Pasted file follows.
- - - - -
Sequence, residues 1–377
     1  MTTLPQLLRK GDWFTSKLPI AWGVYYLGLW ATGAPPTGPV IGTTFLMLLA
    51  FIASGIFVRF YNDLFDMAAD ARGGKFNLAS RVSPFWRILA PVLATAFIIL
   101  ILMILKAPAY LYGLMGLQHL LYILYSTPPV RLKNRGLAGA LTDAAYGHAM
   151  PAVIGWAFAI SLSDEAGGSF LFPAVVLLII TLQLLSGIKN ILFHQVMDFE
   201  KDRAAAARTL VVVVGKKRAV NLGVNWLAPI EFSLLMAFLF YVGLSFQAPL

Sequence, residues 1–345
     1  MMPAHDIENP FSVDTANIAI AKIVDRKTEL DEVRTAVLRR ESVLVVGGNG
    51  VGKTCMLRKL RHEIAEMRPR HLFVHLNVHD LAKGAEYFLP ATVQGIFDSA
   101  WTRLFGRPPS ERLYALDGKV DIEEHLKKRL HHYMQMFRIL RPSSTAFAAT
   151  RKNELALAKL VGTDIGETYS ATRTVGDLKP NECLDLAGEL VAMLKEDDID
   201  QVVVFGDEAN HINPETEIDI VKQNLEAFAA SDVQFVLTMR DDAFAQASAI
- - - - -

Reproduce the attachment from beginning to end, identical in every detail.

Sequence, residues 1–377
     1  MTTLPQLLRK GDWFTSKLPI AWGVYYLGLW ATGAPPTGPV IGTTFLMLLA
    51  FIASGIFVRF YNDLFDMAAD ARGGKFNLAS RVSPFWRILA PVLATAFIIL
   101  ILMILKAPAY LYGLMGLQHL LYILYSTPPV RLKNRGLAGA LTDAAYGHAM
   151  PAVIGWAFAI SLSDEAGGSF LFPAVVLLII TLQLLSGIKN ILFHQVMDFE
   201  KDRAAAARTL VVVVGKKRAV NLGVNWLAPI EFSLLMAFLF YVGLSFQAPL

Sequence, residues 1–345
     1  MMPAHDIENP FSVDTANIAI AKIVDRKTEL DEVRTAVLRR ESVLVVGGNG
    51  VGKTCMLRKL RHEIAEMRPR HLFVHLNVHD LAKGAEYFLP ATVQGIFDSA
   101  WTRLFGRPPS ERLYALDGKV DIEEHLKKRL HHYMQMFRIL RPSSTAFAAT
   151  RKNELALAKL VGTDIGETYS ATRTVGDLKP NECLDLAGEL VAMLKEDDID
   201  QVVVFGDEAN HINPETEIDI VKQNLEAFAA SDVQFVLTMR DDAFAQASAI